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ExxonMobil plans to close its Clinton campus and move hundreds of New Jersey jobs to Texas, where it will create a single North American research and technology hub in Houston, published reports said Tuesday. 

The decision is a “blow to New Jersey’s innovation economy” and should “serve as a reminder as to why New Jersey needs to greatly improve its business climate and to be more competitive with other states,” NJBIA Deputy Chief Government Affairs Ray Cantor after the news was first reported by Bloomberg. 

ExxonMobil spokeswoman Emily Mir was quoted in the Bloomberg report as saying the move would affect 700 employees at facilities in Clinton and Ontario, most of whom would be offered jobs in Texas. The move would be done in stages and completed by 2028, she said. 

The company’s Clinton campus employs top scientists and researchers and has a long history of innovation achievements. According to the company’s website, the New Jersey research facility has garnered 29,000 patents since the 1950s and has more than 80 R&D collaborations with academics, national labs and industry partners.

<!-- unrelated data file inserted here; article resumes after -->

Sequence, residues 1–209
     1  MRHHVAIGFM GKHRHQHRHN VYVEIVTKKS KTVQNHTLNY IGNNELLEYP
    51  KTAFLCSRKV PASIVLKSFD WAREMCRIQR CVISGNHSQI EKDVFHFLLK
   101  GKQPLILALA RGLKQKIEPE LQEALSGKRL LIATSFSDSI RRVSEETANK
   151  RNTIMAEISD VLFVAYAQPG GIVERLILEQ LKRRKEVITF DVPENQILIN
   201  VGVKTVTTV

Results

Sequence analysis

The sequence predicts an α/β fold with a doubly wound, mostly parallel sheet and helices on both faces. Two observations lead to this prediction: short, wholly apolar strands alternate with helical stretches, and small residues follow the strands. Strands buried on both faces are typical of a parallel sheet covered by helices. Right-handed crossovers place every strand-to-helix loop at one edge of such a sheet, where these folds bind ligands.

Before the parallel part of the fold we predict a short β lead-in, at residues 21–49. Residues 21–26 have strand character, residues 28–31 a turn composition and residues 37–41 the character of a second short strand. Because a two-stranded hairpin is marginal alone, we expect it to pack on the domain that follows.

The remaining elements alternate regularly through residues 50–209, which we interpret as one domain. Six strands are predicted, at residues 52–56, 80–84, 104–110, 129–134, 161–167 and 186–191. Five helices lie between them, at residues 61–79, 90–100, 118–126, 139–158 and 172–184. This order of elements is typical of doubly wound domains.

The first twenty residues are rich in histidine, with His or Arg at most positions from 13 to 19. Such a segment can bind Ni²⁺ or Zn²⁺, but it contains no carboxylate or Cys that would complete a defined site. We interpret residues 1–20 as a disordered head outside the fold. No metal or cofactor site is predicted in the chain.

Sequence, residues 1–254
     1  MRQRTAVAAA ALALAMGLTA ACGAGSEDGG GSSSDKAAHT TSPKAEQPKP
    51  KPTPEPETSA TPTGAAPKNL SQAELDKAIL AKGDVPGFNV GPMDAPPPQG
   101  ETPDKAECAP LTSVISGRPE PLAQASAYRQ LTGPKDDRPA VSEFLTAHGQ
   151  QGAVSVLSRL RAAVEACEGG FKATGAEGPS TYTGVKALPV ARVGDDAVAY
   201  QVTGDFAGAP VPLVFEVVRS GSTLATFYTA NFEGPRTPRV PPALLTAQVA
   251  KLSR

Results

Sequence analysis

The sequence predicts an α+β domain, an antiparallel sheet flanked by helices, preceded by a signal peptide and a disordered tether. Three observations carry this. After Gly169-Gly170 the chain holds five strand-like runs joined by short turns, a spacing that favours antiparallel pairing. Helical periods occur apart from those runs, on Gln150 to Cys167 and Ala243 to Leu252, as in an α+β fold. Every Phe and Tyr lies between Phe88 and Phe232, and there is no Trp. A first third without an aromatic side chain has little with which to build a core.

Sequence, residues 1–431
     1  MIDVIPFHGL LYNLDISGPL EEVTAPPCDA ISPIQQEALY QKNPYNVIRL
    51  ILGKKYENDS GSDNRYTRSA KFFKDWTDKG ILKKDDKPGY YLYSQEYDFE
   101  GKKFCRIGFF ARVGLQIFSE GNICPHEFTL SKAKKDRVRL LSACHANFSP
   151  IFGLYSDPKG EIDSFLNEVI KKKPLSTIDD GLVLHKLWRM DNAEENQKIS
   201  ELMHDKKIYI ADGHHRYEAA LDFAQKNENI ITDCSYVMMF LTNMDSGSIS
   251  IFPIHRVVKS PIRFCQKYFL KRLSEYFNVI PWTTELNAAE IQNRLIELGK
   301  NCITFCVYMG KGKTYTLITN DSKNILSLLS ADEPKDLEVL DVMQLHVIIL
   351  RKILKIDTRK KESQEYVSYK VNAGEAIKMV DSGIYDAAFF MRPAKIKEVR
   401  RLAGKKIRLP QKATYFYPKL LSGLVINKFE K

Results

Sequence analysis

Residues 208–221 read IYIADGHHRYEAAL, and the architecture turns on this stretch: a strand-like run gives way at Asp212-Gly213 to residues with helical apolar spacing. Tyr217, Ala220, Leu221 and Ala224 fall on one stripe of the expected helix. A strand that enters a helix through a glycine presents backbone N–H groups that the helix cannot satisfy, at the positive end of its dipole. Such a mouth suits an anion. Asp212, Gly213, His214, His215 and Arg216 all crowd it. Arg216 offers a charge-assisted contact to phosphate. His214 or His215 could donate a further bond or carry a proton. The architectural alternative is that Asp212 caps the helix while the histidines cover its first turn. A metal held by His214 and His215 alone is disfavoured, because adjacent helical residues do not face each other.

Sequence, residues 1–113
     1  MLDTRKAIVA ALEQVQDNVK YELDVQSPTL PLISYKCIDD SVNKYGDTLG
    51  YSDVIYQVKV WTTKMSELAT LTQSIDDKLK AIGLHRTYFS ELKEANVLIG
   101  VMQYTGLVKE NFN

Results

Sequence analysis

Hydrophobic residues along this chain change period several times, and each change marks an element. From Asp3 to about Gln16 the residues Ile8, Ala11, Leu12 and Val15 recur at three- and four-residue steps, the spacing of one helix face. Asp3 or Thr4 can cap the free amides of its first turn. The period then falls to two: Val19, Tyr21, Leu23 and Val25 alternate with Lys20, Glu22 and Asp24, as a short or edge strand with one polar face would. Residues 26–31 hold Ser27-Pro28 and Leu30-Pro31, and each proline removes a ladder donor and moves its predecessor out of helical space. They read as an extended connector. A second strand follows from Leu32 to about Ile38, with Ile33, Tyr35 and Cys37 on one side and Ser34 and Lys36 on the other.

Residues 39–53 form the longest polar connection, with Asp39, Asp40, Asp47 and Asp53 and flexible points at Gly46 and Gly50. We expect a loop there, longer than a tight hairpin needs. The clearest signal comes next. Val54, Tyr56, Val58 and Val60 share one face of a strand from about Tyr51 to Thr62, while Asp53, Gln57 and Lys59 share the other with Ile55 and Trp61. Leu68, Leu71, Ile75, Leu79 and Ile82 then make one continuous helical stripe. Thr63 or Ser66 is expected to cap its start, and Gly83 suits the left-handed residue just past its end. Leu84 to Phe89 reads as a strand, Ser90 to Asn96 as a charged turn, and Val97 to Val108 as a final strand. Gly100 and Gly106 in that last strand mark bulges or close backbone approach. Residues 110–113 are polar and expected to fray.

“With this consolidation, New Jersey is effectively losing hundreds of good-paying, highly educated jobs at a facility that was on the cutting edge of clean energy technologies,” Cantor said. “In short, it’s a blow to our innovation economy that New Jersey strives to achieve. 

“While there is no known link to this New Jersey closure and corporate taxes, it is also a reminder that having the highest corporate tax rate in the nation, as currently proposed by Gov. Phil Murphy, does not help our competitiveness as corporate consolidation, expansion and relocation decisions are made every day,” Cantor said. 

The governor has proposed replacing the former 2.5% percent corporate business tax surcharge, which was levied on top of the current 9% CBT rate, with a retroactive 2.5% corporate transit fee levied on New Jersey’s largest employers. If the Legislature agrees with the plan, it means New Jersey’s largest companies would be paying a total 11.5% tax on corporate earnings – the highest rate in the nation by far.